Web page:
If you do have a genuine reason and health concerns that affects your ability to return to work, best practice would be to ensure that you have a letter or fit note confirming the need to remain off work due to the risks.

I have recovered from Coronavirus. Does this mean it is safe for me to return to work and interact with colleagues?

As long as you have followed current guidance from the NHS and have recovered, then it should be fine for you to return to work. However, it is still essential that you adhere to social distancing (and any other government guidance) at all times.

Should you get symptoms again, then you should follow the relevant NHS and medical guidance. It is also imperative that your employer has carried out health and safety and risk assessments to ensure that the workplace is safe for you and everyone else.

I wish to return to work but I live with someone who is clinically vulnerable. Can I continue to work from home until the threat of infection has passed?

In this situation it would be best to speak with your employer in first instance to see what their approach would be. They may continue to allow you to work from home (if possible). Should their response not be what was hoped for, then you could raise it formally as a grievance, outlining your concerns around health and safety. However, if you refuse to return without your employer’s consent, then this could be deemed as unauthorised absence and may be subjected to disciplinary action or dismissal.

If I don’t want to return to work, can I negotiate with my employer to continue working from home? Can an employer refuse my request and is there a risk I might be dismissed?

Ultimately, this would come down to what the reasons are behind your request, and whether it’s sustainable for you to be working from home. Should you have any concerns about returning to work, then you could always run these past your employer to begin with and then escalate if required as above.

You may also be eligible to make a formal request to work from home; in this situation, your employer would have to justify any refusal by relying upon one of the specific statutory grounds.

With regard to dismissal, the law is there to protect employees who raise health and safety concerns, sometimes known as whistle-blowing. This is regardless of length of service, and if you are able to show that you have “whistle blown,” then you are protected by the law.

Whistle-blowing includes reporting any concerns relating to health and safety and you therefore should not be put at any detriment for doing so. Should you be dismissed, you could potentially have a claim for an automatic unfair dismissal.

I believe I may be developing symptoms of coronavirus and have to self-isolate. Will I still get paid if I self isolate when my colleagues return to work?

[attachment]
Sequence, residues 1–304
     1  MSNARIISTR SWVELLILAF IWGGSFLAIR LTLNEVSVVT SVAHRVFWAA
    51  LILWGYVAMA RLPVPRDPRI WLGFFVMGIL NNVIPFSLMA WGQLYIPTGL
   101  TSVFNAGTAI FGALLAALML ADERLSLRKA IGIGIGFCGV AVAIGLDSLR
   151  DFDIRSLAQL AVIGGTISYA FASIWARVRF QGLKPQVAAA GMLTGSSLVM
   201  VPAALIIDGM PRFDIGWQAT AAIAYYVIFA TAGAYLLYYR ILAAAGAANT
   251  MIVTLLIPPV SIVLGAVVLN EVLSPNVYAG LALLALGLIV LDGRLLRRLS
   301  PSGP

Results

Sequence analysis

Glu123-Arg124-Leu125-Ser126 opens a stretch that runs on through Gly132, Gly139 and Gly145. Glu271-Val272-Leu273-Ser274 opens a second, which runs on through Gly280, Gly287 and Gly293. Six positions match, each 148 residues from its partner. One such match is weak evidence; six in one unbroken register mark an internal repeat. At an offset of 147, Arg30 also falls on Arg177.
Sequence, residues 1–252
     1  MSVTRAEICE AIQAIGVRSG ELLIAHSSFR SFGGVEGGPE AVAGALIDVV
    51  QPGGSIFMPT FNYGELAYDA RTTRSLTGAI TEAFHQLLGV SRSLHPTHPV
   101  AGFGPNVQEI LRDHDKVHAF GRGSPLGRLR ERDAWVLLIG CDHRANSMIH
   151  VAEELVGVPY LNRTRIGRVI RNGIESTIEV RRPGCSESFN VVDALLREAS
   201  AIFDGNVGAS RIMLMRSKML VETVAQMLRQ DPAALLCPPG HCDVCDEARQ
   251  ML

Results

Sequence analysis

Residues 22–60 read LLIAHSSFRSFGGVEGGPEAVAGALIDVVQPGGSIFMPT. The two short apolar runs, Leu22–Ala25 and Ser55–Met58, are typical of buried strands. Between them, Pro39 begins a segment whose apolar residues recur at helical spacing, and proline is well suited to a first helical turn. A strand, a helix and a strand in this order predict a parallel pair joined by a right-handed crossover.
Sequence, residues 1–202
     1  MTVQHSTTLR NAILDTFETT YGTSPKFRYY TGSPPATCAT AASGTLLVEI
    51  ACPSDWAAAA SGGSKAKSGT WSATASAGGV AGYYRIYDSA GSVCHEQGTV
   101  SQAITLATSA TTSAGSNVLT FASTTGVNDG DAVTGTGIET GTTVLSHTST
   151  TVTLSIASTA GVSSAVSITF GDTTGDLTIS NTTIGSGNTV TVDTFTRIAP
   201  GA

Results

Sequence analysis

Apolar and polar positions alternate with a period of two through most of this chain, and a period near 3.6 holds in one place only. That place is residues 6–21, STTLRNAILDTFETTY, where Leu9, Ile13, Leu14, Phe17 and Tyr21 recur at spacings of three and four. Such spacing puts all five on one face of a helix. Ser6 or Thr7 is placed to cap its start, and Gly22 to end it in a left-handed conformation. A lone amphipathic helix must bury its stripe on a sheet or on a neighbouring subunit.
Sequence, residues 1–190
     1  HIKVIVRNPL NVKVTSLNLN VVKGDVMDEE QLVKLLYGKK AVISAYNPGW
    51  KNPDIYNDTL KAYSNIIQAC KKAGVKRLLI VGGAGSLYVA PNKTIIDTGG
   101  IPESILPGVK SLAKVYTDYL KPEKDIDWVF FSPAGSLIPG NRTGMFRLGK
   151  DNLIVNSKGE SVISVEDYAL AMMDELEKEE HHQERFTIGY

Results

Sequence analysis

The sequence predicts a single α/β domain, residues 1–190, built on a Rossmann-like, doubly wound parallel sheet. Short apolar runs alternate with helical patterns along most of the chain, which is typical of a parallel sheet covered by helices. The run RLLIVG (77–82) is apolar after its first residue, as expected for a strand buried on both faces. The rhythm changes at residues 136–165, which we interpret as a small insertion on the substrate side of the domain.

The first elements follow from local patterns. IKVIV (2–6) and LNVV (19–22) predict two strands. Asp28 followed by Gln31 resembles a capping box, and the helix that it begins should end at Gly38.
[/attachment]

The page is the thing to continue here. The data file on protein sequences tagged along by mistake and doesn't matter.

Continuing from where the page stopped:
You may be entitled to Statutory Sick Pay (SSP) as long as you are eligible. The government has brought in legislation which allows employers to pay employees who are off with symptoms and isolating from day one.

You may be eligible to claim SSP if:

  • You are self-isolating because you or someone you live with has coronavirus symptoms.
  • You are self-isolating because you have been notified by the NHS or public health authorities that you have come into contact with someone who has the virus.
  • You are self-isolating because you’re at high risk of severe illness from the virus, also known as shielding.

It is still advised for you to follow any sickness policies that you have in the work place, such as how you report in to avoid any disciplinary action being taken.

The Return to Work: A Guide for Employers

My employee is refusing to return to work. What can we do?

During the current crisis, it can be quite tricky to manage employee relations, especially from a distance. We are starting to see employers encounter an issue where they are removing employees from furlough and requiring them to return to the workplace. Some employees simply do not want to return.

Is it acceptable for an employee to refuse to attend work even in the current circumstances? Is there anything employers can do to resolve this issue?

This is a difficult issue and one where you as an employer, needs to tread carefully.

As a starting point (as is the case with most employment-related issues), it is advisable to have a discussion with your employee to establish why they are refusing to return to work. It may be something that can be resolved informally after a discreet and reassuring conversation.

What if an employee is self-isolating but isn’t required to do so?

If an employee is choosing to self-isolate but isn’t required to do so according to the government guidance, then the employer should have a discussion with them about their concerns and take into account their personal circumstances.